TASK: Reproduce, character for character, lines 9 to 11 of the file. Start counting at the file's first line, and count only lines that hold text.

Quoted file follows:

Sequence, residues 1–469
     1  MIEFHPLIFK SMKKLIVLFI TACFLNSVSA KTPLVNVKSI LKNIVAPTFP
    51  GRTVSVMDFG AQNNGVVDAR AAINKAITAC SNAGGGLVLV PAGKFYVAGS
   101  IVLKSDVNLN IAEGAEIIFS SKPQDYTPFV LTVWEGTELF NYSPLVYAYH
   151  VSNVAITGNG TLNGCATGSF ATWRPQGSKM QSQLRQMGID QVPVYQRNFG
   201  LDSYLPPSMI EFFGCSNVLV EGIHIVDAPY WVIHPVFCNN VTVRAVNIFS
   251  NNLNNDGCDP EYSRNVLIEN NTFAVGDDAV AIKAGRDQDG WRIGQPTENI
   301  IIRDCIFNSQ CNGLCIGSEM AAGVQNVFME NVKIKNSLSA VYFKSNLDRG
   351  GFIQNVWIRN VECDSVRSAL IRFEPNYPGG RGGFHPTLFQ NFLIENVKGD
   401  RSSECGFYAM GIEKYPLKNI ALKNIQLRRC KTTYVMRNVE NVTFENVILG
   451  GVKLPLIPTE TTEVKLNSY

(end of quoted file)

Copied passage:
   351  GFIQNVWIRN VECDSVRSAL IRFEPNYPGG RGGFHPTLFQ NFLIENVKGD
   401  RSSECGFYAM GIEKYPLKNI ALKNIQLRRC KTTYVMRNVE NVTFENVILG
   451  GVKLPLIPTE TTEVKLNSY